Hearing History

I’m a history buff…

Which means I’m really ‘into’ things that take me back to a previous time.

Recently, I’ve come across some great music that does just that, and I’d like to share it with you.

For our first selection, we go back to 500-1300 or so… The dark ages.

This instrument is called the ‘hurdy gurdy’ (aka the wheel fiddle). It is, in essence, a violin that is rubbed by a turning wheel underneath the strings, rather than a bow above the strings. The wheel is turned by the musicians right hand (usually), and the left hand plays the notes on keys on the side like an accordion. This instrument originated in France during medieval times and became very popular – being played by everyone, from beggars up to kings! The person directly attributed to its origin is lost to history… The melody in this video is real, meaning it’s actually from that time period. People would have actually heard this, and here you are – on your phone, watching it and sharing that same experience with a whole generation of people that are now lost to us.

Check out some of the comments under that video (Lol):

  • I feel like I’m being marched down to the town square execution for my crimes against the church.
  • Closed my eyes while listening to this. Opened them in a middle of a plague ridden street.
  • When I listen to something like this, it bring up memories that I don’t have. Like I never did the things I remember?
  • The people who didn’t like this are slowly being marched to the stake. It will be a good, cleansing fire.
  • So haunting and so sad. A tune truly born from a frightening time to be alive in history.

The middle ages were defined by moral decay, urban deterioration, bloody wars, and frightening plagues. What a time to be alive! The terms dark ages, middle ages, and medieval period are used interchangeably, so these terms are all speaking about the same period in time. We are currently living in the ‘modern age’, which is about 1450 – present day. Ancient time is from the birth of time to around 500 A.D., then we have the middle ages that start around the fall of the roman empire to the birth of the renaissance…

For our next selection, we go back in time even further.

What you are hearing now is an oboe-like Armenian instrument (one of the oldest known civilizations on earth). It’s made out of apricot wood, and is called the ‘Duduk” (pronounced ‘doo-dook’). There is no exact year of origin for this instrument, but we know it existed many years before Jesus was born. It is known for its sad tones… It is actually very likely that Jesus would’ve been familiar with the sound of this instrument, due to the fact that Armenia is located next door to Turkey and many people journeyed to Israel from all over the world. This instrument was carried with those visitors most likely. This theory is why you hear tones from it in Mel Gibson’s film, “The Passion of the Christ.”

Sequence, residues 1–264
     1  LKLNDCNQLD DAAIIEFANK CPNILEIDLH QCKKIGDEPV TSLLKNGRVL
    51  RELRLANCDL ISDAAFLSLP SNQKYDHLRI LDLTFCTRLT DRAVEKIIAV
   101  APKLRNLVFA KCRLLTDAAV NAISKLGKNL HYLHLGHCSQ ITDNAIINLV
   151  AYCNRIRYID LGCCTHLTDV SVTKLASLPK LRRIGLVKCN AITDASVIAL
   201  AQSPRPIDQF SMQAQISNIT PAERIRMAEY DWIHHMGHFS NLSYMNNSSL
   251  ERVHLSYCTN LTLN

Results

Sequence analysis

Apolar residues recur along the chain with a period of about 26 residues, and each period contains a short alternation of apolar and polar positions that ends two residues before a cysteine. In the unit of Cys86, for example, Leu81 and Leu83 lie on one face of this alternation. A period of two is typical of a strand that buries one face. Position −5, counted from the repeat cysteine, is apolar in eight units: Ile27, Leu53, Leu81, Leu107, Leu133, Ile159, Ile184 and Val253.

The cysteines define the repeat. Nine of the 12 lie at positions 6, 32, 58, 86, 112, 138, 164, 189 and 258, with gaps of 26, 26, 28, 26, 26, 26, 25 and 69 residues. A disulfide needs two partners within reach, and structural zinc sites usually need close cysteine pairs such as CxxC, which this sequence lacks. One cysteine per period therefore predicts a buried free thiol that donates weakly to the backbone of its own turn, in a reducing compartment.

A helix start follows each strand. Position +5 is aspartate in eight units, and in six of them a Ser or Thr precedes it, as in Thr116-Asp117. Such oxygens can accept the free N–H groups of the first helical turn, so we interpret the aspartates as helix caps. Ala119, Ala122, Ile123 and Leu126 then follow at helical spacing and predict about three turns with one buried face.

Biblical times were also a perilous time in human history. Rome was controlling everyone and they were causing MAJOR oppression across the whole world.

Fun fact: I once owned a Duduk.

Another fun fact: I couldn’t play it. Lol

It’s way more difficult to play than you would think… It has a double reed (like a ducks mouth), and it was just a lot harder than I thought. I have a lot of appreciation for this instrument. I played the Saxophone for years, so I’m sort of familiar with woodwind instruments… If you know how to play the Duduk, kudos to you!

For our next selection, we have the oldest known melody on earth.

There’s a story to this one! In the 1950’s, 29 pieces of musical texts carved in clay tablets were found in Syria. Of those 29, this one was the only one in good enough condition to where it could be properly interpreted. (I’ve read about how they were able to translate this into modern notes and it is VERY complicated!) They think this music dates to around 1400 B.C, and it is not known who wrote it. One thing is certain though: They gone.

A popular instrument at the time we know was the lyre, so that’s what it’s being played on here.

We’re jumping forward a lot now!

This tune was written by Henry Ainsworth, who was a psalmist that was on the Mayflower voyage. The King James Bible had just been published in England, and Henry Ainsworth’s Psalter was one of the music books he carried with him through the Atlantic crossing. This is one of the psalms in that book. (The only music allowed in church to the puritans/separatists were psalms)

For our last selection, we have an example of kulning.

Kulning refers to a scandinavian form of song that was specifically used to assist in herding livestock. The notes were high-pitched and very ‘head-based’ in order to produce notes that would span mountains and cover long distances… Both men and women performed these songs. It is very rare to find this still in use today, even in countries like Sweden. I’m not sure why though.

This practice is thousands of years old, made popular during the Viking age.

(That one cow got a little excited there for a second! LOL)

Well, I hope you’ve enjoyed our brief history through the human existence! Lol

Just think: Right NOW, there are more people alive than has EVER existed. It’s so interesting to me how our cultures have changed through the years, and one thing is definitive: music is the way to make that fact VERY clear.